Thursday Tips Senses Series: Sight–What We See On Our Plate

kiwi eyesThe way food looks gives us a lot of information about whether we want to smell it, touch it or eat it. Sight is often our first line of defense to find out if a food is safe. If we see mold on something, we know to throw it away; if we see a speck that looks like a bug, we’re going to look closer, maybe poke at it with a fork, get some more information before deciding to put a bite into our body.

Our eyes are constantly scanning our environment to help keep us safe. It’s said that 80% of the information a sighted person’s brain receives about the world comes from what they see. This is incredibly useful to help keep us alive, healthy and functioning at full capacity, but sometimes our vision, like anything else, can be misleading.

Often people with a difficult food history have a skewed vision of foods. We have a natural revulsion to foods that have made us feel sick in the past. and when we see it, our bodies react by gagging. We can develop an aversion to any quality of food, so a certain texture, shape or color could bring up an emotional history of feeling unsafe or sick even though, in the present it may be completely safe.

The way we work with aversions is to compassionately understand that our revulsion (and kids’ revulsion) to certain foods or food qualities comes from this deep biological drive to keep us safe. From this place of understanding we can start to retrain our brains to recognize the reality that new situations with food are safe.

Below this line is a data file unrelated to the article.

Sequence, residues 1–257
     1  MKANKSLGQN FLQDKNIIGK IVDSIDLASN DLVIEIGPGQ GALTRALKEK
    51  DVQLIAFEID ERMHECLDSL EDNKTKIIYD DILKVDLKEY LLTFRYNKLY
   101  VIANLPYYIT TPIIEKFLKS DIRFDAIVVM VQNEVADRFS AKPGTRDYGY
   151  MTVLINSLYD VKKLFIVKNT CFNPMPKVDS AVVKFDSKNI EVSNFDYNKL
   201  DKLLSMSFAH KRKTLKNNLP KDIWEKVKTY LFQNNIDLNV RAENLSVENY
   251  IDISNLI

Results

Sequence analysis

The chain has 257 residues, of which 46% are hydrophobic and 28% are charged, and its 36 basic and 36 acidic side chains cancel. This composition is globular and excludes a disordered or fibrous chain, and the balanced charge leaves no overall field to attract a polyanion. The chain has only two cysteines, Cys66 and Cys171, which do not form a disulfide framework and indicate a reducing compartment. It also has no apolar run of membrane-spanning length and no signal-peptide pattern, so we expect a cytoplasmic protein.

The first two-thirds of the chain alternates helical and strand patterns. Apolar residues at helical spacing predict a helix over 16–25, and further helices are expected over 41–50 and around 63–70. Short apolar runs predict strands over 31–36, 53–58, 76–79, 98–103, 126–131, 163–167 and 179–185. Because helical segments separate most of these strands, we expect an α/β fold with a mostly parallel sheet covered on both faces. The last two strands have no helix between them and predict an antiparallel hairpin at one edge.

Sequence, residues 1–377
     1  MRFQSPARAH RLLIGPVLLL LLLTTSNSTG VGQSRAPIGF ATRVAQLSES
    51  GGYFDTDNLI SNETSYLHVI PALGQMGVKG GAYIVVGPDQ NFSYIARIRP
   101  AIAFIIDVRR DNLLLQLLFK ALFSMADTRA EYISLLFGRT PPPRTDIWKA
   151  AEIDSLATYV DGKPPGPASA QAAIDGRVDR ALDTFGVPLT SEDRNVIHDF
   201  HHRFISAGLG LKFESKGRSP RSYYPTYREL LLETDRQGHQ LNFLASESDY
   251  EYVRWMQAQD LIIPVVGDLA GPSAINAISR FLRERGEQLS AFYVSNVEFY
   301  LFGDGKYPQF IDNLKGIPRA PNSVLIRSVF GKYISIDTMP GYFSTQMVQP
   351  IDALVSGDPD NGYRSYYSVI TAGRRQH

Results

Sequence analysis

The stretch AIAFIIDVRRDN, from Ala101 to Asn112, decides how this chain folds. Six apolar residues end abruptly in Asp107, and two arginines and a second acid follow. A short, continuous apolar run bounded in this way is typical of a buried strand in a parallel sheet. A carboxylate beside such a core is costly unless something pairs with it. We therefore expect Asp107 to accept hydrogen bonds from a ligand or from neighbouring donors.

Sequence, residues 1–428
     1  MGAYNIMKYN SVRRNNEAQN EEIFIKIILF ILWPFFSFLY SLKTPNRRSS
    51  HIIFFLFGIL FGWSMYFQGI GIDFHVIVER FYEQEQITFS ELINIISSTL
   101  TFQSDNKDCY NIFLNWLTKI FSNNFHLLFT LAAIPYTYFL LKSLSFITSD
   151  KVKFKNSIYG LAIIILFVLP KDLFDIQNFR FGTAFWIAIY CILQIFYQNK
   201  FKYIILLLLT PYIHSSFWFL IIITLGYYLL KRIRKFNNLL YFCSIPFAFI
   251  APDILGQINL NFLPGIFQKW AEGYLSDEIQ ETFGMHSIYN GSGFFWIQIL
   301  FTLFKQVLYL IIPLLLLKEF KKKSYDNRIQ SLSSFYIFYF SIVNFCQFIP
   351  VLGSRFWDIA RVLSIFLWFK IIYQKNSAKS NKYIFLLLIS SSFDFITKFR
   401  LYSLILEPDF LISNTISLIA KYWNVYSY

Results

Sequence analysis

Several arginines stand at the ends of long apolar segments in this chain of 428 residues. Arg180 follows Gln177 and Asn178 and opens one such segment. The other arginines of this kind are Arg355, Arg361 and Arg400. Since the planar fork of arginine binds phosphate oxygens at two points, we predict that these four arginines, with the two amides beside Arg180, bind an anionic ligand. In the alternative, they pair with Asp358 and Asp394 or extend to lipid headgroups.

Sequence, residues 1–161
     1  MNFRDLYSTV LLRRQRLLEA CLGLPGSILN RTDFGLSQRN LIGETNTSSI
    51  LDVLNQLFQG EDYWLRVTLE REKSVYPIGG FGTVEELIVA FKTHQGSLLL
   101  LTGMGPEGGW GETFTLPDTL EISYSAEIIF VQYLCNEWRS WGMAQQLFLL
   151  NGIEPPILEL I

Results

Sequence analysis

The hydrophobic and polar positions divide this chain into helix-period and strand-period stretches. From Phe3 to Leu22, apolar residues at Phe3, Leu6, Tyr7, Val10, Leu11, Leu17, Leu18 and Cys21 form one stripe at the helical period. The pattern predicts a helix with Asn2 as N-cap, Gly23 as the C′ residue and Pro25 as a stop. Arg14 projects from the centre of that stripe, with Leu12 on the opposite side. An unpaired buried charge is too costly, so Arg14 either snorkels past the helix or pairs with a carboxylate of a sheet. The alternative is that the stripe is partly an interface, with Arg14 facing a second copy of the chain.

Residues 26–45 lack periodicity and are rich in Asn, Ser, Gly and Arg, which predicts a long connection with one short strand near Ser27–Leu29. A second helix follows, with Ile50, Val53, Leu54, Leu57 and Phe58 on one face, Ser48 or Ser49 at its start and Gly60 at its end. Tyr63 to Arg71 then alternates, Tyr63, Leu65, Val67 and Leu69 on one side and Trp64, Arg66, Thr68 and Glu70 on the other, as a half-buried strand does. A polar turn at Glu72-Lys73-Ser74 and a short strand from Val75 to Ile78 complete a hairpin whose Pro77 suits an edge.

We practice looking at foods in new, positive ways. We use positive language to describe foods and start to associate new meaning with what we see on our plate. Food play offers these opportunities to create new positive and safe memories with foods, though changing the way we see foods can be a slow process!

So here’s to our amazing sense of sight, its ability to help keep us safe and our power to slowly change what we see! All of the activities in the drop-down menu on the right offer these opportunities to start looking at foods with the curiosity and playfulness that can move our brains from a place of vigilance to a place of exploration and learning.

Have fun and happy food play!





3 thoughts on “Thursday Tips Senses Series: Sight–What We See On Our Plate

  1. This is a great post, I had a client with a severe aversion to pulling his food out of his lunchbox, but once it was out he was fine and would eat it. When we told him to get his lunch he would gag while putting his hand in the bag, is there something that could have caused this? He had autism and was nonverbal but proficient on his AAC .

    Liked by 1 person

    1. Thanks! His aversion definitely could have been caused by a past experience getting his lunch out of a bag and he might be able to tell you about in using his AAC. Sometimes we block out yucky events and just carry with us the ways we cope or react to the trigger (like gagging) and sometimes we remember them so vividly! You could also experiment with different ways of opening up his lunch to see if there’s a way to do it that doesn’t trigger the gag to make lunchtime more comfortable, though I’m glad to hear it didn’t seem to affect his eating!

      Liked by 1 person

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